Sunday, March 19, 2017
Drawn to the Water
James Sledge March 19, 2017
In this sermon, people playing the parts of Jesus and the Samaritan woman come to the well. They speak the words spoken by these two while the pastor narrates and offers some observations at several pauses in the action. As such the scripture reading is woven into the sermon itself. The congregation joins in reading the last verse of the scripture which also concludes the sermon.
So Jesus came to a Samaritan city called Sychar, near the plot of ground that Jacob had given to his son Joseph.6Jacob’s well was there, and Jesus, tired out by his journey, was sitting by the well. It was about noon. (Jesus walks out and sits down.)
7A Samaritan woman came to draw water (Woman comes to the well.), and Jesus said to her, “Give me a drink.” (8His disciples had gone to the city to buy food.) 9The Samaritan woman said to him, “How is it that you, a Jew, ask a drink of me, a woman of Samaria?” (Jews do not share things in common with Samaritans.)
A Samaritan woman. I’m not sure it is possible for us to appreciate the force of these words. We have no experience with the enmity between Jews and Samaritans or the status of women in Jesus’ day. But there are those we’d rather not talk to if we met in a strange or unfamiliar place. Perhaps our Samaritan woman, the one we don’t share things in common with, is a black male, a Syrian refugee, an illegal alien, an unhinged conservative, a raving liberal, a transgender woman.
That doesn’t apply to Nicodemus, the last person Jesus met. He’s a respected, educated, religious leader, a white Presbyterian of his day. He came to Jesus in the dark of night, impressed and curious, but also wary. This unnamed woman, an outsider many of us would rather not speak to, is approached by Jesus, a man she has never heard of, because he is thirsty in the noonday heat and needs her help.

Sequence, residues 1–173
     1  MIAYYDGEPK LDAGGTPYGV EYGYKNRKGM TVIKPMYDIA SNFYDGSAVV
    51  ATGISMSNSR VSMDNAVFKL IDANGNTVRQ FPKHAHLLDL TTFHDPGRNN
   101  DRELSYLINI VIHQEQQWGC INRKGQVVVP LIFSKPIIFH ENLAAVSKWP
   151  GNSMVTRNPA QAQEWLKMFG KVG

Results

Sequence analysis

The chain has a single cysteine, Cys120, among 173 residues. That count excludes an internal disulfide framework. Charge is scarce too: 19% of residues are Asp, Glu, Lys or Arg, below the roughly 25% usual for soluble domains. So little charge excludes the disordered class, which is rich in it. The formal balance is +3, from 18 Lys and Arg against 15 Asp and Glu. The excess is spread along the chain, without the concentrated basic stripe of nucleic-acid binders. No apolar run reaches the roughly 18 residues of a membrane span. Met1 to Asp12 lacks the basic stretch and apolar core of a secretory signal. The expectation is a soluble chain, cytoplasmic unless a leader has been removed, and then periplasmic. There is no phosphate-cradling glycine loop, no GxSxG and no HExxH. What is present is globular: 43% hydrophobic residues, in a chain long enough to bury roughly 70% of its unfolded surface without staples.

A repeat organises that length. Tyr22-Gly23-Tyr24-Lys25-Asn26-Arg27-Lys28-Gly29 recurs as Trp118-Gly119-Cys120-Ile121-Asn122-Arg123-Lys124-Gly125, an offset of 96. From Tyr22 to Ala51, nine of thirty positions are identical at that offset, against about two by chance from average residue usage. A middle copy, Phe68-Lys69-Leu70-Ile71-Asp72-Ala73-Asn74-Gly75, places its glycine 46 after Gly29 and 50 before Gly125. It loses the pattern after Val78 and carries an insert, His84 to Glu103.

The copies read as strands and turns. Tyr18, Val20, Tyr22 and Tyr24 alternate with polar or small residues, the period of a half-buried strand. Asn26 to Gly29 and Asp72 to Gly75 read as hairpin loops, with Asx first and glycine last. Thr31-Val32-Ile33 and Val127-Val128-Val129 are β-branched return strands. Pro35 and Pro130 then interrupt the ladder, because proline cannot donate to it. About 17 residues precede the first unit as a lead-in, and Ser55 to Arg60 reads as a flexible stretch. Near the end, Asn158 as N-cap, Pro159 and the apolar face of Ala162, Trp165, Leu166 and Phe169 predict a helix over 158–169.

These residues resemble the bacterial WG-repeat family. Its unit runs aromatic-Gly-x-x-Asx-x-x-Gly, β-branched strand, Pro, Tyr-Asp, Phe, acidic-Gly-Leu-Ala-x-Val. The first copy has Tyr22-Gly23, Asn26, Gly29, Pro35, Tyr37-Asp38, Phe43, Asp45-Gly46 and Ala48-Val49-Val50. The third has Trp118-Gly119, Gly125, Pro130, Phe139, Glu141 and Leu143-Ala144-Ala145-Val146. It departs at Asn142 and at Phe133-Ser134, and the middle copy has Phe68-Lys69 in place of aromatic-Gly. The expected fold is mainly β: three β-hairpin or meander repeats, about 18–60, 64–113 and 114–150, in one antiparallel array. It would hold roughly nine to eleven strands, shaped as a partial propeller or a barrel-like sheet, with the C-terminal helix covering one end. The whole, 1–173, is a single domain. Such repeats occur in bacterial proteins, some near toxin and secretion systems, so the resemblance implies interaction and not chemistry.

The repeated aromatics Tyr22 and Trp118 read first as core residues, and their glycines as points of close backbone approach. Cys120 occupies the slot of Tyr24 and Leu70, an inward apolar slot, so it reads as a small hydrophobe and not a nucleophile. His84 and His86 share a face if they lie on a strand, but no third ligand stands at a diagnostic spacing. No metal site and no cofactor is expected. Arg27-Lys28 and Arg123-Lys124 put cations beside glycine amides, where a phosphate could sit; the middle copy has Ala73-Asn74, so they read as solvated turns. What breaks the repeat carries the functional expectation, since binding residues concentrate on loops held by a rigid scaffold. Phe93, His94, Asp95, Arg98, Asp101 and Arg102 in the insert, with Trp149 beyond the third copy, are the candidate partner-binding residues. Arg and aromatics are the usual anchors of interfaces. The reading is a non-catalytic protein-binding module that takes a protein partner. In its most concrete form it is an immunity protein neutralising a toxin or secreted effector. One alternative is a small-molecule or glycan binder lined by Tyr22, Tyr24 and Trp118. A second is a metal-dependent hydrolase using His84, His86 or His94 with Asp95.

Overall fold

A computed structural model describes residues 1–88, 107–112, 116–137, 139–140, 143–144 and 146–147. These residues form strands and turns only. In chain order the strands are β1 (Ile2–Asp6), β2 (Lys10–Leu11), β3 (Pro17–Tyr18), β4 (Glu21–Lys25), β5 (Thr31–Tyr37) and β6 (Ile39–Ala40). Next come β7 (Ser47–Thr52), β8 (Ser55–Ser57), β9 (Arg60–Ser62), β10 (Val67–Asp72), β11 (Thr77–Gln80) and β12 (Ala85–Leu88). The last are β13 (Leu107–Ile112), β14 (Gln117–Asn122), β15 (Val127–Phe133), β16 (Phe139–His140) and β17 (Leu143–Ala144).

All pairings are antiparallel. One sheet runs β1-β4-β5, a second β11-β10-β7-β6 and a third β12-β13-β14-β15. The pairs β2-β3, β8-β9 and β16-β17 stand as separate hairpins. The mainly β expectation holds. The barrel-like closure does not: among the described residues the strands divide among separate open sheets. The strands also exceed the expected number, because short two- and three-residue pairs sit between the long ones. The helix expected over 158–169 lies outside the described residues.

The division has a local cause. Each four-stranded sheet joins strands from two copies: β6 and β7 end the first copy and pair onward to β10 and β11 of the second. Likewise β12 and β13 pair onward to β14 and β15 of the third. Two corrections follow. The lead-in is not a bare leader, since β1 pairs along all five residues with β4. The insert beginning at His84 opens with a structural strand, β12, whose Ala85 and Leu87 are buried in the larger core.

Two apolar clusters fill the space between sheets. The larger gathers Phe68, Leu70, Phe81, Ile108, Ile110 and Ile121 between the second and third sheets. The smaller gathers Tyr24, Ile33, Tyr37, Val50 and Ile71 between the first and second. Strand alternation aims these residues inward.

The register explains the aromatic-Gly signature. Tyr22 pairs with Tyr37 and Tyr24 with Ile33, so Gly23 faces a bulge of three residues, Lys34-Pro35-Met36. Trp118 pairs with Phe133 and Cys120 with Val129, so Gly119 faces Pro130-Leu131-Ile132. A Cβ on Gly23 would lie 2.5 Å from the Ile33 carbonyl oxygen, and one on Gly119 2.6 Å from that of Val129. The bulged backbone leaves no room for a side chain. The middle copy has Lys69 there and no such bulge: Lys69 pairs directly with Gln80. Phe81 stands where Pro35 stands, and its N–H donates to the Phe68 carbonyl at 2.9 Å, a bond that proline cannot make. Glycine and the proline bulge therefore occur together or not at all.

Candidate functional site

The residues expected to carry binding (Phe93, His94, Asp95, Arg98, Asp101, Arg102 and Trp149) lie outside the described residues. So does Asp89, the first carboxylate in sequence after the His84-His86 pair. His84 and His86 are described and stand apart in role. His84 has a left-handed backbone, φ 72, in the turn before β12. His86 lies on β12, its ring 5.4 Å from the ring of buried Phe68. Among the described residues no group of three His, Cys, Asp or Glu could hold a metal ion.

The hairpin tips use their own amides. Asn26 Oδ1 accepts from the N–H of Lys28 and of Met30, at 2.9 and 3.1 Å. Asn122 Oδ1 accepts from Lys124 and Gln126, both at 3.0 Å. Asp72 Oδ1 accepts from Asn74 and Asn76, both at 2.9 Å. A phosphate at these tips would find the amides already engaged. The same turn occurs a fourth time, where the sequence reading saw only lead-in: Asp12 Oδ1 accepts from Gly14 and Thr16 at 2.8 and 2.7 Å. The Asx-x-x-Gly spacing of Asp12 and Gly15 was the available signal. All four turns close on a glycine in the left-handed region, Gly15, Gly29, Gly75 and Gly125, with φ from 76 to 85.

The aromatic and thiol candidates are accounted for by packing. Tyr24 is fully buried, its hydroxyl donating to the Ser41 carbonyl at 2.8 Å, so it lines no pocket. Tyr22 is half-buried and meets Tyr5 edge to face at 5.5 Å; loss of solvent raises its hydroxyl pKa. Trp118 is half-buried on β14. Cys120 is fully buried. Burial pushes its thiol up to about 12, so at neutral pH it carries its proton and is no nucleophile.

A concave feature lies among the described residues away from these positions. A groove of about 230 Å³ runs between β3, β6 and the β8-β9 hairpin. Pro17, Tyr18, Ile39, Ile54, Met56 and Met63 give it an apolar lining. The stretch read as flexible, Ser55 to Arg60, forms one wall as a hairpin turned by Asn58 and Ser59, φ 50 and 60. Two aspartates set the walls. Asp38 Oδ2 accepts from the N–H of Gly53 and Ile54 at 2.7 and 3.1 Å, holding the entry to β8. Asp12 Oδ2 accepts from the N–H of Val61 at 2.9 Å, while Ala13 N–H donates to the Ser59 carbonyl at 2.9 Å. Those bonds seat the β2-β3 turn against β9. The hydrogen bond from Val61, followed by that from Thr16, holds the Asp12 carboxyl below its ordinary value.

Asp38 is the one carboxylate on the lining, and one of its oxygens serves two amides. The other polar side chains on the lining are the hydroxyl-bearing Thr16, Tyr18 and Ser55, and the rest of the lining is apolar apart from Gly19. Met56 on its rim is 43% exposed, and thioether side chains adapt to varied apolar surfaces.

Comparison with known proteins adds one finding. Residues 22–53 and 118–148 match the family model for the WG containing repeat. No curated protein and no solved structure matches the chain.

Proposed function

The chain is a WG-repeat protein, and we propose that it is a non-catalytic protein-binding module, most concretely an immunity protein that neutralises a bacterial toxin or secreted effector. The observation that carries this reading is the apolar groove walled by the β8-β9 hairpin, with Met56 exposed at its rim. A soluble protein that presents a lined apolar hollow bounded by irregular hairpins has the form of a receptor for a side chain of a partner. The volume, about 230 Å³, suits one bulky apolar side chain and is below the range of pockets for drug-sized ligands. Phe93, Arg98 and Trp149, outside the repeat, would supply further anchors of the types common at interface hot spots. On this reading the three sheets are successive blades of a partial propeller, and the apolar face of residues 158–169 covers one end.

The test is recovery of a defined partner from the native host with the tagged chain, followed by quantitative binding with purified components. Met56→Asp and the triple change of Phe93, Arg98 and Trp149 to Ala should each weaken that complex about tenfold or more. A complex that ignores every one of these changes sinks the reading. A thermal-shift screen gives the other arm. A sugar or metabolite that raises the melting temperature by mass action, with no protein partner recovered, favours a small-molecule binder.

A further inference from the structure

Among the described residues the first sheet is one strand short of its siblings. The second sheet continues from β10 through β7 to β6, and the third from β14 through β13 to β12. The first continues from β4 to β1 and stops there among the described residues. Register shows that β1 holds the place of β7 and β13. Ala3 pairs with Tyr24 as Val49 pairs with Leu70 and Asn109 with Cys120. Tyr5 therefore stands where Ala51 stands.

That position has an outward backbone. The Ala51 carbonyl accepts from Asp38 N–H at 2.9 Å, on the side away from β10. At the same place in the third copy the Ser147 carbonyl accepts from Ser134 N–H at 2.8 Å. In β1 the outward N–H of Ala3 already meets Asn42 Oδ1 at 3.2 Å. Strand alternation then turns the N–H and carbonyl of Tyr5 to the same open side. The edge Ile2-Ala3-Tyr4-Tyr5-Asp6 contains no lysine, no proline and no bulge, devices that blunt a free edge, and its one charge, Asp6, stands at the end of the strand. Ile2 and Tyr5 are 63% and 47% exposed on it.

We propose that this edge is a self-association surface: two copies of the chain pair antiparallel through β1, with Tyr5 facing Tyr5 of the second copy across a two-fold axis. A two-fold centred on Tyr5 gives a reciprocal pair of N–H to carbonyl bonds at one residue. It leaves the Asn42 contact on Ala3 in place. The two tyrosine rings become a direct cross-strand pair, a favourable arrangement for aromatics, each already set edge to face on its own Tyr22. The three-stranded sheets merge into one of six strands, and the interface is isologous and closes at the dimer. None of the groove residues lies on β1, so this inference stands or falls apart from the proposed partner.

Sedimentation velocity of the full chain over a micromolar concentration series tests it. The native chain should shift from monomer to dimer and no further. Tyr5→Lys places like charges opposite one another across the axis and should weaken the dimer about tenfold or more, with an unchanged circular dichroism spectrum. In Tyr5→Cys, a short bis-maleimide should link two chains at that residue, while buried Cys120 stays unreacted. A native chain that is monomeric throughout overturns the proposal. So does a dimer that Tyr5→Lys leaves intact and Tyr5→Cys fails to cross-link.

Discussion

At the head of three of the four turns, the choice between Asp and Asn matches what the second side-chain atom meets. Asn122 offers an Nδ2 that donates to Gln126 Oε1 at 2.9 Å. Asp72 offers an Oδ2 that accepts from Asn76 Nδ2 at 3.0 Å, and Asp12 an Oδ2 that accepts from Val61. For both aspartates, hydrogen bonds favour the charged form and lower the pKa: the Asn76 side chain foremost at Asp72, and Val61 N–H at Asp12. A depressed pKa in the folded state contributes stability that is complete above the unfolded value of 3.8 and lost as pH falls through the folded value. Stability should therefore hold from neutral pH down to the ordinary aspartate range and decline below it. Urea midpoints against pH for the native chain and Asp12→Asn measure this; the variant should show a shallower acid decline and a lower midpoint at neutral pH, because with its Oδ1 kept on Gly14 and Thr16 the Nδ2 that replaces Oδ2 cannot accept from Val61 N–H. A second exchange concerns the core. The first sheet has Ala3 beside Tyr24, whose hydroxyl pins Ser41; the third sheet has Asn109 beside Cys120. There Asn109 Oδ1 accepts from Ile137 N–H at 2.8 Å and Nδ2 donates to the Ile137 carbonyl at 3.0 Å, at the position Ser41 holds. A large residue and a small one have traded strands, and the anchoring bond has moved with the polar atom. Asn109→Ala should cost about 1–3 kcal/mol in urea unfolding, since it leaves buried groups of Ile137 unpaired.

10Jesus answered her, “If you knew the gift of God, and who it is that is saying to you, ‘Give me a drink,’ you would have asked him, and he would have given you living water.” 11The woman said to him, “Sir, you have no bucket, and the well is deep. Where do you get that living water? 12Are you greater than our ancestor Jacob, who gave us the well, and with his sons and his flocks drank from it?” 13Jesus said to her, “Everyone who drinks of this water will be thirsty again, 14but those who drink of the water that I will give them will never be thirsty. The water that I will give will become in them a spring of water gushing up to eternal life.” 15The woman said to him, “Sir, give me this water, so that I may never be thirsty or have to keep coming here to draw water.”
Living water. For Nicodemus the term was born again. In the gospel’s original language, both terms have double meanings. The literal meanings speak of being born a second time or of fresh, flowing water in contrast to that from a cistern. Figuratively they speak of being born from above or of life-giving waters. Both Nicodemus and this woman hear Jesus literally and so misunderstand him. For Nicodemus, this becomes a total roadblock.